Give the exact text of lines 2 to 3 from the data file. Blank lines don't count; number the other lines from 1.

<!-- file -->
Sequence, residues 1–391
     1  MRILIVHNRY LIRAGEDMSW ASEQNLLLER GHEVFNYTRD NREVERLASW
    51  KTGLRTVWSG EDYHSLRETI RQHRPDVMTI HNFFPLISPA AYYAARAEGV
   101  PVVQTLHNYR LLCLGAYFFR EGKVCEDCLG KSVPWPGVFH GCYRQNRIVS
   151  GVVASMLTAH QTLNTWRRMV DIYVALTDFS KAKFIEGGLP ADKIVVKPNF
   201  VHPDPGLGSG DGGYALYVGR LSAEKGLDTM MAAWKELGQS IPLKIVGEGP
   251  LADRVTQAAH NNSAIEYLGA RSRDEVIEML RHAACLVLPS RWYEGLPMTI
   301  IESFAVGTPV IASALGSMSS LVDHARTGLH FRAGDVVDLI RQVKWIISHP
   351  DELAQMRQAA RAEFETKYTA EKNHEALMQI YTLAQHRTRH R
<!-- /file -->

     1  MRILIVHNRY LIRAGEDMSW ASEQNLLLER GHEVFNYTRD NREVERLASW
    51  KTGLRTVWSG EDYHSLRETI RQHRPDVMTI HNFFPLISPA AYYAARAEGV